Thoughts

Supergirl’s sole appearance in the three months after the end of “The Supergirl Saga” is this one. A one-panel (splash page) appearance amid a dream sequence as Superman is haunted by the deaths of the Phantom Zone criminals. While at first glance hardly worth a mention, I think this “appearance” is important if for no other reason than it shows she is still forefront on the minds of Superman and the creators now steering the books in the wake of John Byrne’s departure, particularly Jerry Ordway, who along with Roger Sterm, will be the primary guiding hand for the character for the next year.

Next time on Supergirl Monday: Fans react to “The Supergirl Saga”!

November 30th, 2015  Posted at   Supergirl Mondays

Supergirl MondaysSupergirl Mondays is a weekly celebration of the Girl of Steel, who has graced the pages of DC Comics in a variety of forms for more than five decades.

This feature’s primary focus is to take an issue-by-issue look back at Supergirl’s adventures in the post-Crisis universe. From an artificial being on a mission to save her home world, to an Earth-born angel on a mission to save her soul, each Monday, before the airing of “Supergirl” on CBS, reflect on the earliest days of the incredible and winding journey of a frequently divisive, sometimes confusing, but always entertaining era for the Maid of Might.


This time out, we will be looking at two issues: DOOM PATROL #10 and SUPERMAN (Vol. 2) #20. The Doom Patrol issue, which features the first appearance (kind of) of the mysterious new Supergirl outside the pages of the Superman titles, was published the same week as ADVENTURES OF SUPERMAN #442 (see Supergirl Monday 5). However, because the Doom Patrol issue takes place between the panels of SUPERMAN #20, and because it adds little to Supergirl’s story as a whole (and what it does add is meaningless without the context of the SUPERMAN issue), we’ll be looking at both issues together.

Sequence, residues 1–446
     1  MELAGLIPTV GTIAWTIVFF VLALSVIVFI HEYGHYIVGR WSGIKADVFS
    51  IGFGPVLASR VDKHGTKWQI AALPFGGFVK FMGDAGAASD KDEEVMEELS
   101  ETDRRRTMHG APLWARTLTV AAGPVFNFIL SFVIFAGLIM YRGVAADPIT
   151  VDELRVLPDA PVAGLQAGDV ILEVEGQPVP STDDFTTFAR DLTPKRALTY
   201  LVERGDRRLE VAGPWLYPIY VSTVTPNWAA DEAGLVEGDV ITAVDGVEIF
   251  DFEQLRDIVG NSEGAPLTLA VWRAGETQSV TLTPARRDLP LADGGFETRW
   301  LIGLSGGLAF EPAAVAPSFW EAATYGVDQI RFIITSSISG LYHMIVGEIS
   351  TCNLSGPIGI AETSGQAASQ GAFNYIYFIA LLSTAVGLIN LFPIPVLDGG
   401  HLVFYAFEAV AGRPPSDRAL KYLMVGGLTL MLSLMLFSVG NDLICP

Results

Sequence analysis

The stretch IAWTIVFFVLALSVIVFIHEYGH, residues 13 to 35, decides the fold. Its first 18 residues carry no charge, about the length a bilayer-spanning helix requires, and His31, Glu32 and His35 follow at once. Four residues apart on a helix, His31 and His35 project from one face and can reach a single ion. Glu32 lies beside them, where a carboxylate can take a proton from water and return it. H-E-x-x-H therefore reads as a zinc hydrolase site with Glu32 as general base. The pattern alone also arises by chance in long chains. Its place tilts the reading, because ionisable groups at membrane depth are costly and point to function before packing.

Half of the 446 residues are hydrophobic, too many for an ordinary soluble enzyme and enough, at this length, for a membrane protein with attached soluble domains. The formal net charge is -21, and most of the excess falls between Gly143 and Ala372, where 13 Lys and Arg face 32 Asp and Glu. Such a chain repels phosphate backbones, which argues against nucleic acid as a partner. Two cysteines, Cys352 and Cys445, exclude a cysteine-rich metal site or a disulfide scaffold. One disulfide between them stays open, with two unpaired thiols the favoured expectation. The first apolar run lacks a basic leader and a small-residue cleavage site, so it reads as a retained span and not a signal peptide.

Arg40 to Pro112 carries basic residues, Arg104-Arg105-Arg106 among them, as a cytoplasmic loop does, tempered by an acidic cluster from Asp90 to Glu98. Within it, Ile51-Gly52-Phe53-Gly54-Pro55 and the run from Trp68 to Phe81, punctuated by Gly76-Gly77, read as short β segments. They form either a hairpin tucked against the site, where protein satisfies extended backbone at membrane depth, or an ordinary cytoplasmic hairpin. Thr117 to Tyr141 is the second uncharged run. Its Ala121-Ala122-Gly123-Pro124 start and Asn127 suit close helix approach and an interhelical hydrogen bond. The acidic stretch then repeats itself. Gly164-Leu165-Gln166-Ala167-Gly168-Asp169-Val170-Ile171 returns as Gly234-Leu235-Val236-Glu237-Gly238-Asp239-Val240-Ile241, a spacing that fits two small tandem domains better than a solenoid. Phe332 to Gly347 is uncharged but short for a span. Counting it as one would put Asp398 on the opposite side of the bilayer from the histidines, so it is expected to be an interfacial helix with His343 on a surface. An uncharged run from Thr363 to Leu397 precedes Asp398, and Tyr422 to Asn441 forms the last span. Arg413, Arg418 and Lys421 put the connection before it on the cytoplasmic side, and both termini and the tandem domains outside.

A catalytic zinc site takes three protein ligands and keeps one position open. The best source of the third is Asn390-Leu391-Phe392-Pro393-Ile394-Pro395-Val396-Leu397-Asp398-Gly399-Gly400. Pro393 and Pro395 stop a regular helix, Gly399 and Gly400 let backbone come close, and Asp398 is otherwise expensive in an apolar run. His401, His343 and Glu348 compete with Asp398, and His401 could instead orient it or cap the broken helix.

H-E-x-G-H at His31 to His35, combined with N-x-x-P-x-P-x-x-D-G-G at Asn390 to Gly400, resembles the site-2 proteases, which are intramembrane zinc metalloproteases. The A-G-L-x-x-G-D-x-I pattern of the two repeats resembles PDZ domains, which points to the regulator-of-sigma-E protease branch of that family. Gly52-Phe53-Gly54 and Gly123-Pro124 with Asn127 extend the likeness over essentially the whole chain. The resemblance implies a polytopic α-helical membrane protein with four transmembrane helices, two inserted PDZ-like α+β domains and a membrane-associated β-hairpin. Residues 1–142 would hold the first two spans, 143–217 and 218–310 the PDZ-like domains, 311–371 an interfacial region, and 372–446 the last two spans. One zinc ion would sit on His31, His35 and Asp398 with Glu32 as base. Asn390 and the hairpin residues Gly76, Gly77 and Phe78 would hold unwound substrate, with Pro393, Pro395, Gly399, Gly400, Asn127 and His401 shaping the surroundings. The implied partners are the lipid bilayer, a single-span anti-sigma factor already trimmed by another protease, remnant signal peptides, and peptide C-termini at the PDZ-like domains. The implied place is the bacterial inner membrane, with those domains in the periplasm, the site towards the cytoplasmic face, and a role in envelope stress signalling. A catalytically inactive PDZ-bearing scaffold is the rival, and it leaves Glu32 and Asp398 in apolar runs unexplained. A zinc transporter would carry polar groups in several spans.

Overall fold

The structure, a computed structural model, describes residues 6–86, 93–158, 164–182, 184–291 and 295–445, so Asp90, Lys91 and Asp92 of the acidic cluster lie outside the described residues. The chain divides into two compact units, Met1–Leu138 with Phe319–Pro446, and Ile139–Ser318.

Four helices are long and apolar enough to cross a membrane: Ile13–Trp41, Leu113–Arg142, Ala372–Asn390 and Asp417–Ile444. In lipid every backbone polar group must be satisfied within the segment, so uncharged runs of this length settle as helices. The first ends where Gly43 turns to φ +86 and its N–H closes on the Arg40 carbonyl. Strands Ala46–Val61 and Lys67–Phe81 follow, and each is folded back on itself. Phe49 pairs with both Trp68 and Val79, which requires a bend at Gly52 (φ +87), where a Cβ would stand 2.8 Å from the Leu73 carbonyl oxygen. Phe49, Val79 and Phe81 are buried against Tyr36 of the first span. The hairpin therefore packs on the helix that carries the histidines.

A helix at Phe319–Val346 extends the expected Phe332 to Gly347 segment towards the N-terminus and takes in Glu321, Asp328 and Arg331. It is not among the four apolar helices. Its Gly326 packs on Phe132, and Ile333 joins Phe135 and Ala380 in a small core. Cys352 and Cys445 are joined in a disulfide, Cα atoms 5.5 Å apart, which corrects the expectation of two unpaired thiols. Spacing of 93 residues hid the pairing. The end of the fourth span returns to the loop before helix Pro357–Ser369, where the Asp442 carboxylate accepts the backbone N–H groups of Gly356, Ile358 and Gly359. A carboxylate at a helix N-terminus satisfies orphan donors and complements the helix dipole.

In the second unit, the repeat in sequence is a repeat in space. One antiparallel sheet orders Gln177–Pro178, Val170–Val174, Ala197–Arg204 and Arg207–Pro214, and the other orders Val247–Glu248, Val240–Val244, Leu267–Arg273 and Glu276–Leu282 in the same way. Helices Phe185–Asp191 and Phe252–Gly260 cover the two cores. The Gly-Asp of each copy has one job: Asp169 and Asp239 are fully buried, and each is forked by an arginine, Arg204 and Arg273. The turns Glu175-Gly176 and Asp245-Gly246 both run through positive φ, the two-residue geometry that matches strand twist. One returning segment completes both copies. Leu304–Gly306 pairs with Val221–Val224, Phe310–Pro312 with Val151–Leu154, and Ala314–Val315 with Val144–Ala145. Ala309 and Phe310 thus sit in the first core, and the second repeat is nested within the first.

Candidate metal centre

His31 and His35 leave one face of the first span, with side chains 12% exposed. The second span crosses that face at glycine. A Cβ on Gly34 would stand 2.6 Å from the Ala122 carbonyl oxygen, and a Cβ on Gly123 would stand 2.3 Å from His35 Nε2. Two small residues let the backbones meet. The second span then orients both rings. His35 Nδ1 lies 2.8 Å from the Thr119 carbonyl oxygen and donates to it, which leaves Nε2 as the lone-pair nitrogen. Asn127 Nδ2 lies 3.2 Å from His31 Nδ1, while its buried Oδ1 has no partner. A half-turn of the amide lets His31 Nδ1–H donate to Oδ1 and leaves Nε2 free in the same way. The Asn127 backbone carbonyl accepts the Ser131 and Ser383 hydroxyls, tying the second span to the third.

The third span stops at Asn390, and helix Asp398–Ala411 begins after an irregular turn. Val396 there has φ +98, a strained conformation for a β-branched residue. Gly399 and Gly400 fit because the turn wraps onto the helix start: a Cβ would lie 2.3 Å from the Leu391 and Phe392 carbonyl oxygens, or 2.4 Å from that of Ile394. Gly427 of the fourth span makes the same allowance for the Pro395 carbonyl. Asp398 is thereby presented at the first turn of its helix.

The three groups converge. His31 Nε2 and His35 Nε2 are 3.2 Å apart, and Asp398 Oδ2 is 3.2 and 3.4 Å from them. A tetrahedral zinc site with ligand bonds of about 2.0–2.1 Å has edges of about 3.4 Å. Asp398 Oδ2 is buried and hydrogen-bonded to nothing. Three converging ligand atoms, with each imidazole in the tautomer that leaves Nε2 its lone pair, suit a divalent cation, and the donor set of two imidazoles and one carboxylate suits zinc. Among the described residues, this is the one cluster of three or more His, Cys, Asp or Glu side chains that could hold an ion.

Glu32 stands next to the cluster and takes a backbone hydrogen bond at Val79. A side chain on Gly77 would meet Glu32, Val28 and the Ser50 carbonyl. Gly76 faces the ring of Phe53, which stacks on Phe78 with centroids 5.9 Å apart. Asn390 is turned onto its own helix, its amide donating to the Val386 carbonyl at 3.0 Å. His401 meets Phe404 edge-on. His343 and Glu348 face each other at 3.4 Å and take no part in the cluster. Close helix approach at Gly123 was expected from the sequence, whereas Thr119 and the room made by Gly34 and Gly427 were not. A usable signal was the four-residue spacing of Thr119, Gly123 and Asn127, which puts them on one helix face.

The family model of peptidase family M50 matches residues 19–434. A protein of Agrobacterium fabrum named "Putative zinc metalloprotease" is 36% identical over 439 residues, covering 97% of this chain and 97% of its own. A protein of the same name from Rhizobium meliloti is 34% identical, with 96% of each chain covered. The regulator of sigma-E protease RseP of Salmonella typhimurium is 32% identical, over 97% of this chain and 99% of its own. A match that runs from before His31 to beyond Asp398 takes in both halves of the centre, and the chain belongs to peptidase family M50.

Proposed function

In these issues

Doom Patrol #10  Superman (Vol. 2) #20

Issue: DOOM PATROL #10
Cover date: July 1988
Cover price: 75 cents ($1 Can./40p U.K.)
Cover by Erik Larsen and Jerry Ordway
Story: “The Soul of the Machine”

Issue: SUPERMAN (Vol. 2) #20
Cover date: August 1988
Cover price: 75 cents ($1 Can./40p U.K.)
Cover by John Byrne
Story: “Doom in the Heartland!”

Credits

DOOM PATROL #10
Paul Kupperberg, writer
Erik Larsen, penciller
Gary Martin, inker
J. Giels Workman, letterer
Tom Ziuko, colorist
Robert Greenberger, editor

SUPERMAN (Vol. 2) #20
John Byrne, story and pencils
Karl Kesel and Byrne, inks
John Costanza, lettering